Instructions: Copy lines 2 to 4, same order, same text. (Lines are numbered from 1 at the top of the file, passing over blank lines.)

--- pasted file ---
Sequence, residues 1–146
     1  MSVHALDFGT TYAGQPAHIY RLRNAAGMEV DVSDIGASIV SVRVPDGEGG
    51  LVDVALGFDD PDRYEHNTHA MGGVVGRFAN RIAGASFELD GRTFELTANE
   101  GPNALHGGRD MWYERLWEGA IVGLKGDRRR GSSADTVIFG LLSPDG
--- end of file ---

     1  MSVHALDFGT TYAGQPAHIY RLRNAAGMEV DVSDIGASIV SVRVPDGEGG
    51  LVDVALGFDD PDRYEHNTHA MGGVVGRFAN RIAGASFELD GRTFELTANE
   101  GPNALHGGRD MWYERLWEGA IVGLKGDRRR GSSADTVIFG LLSPDG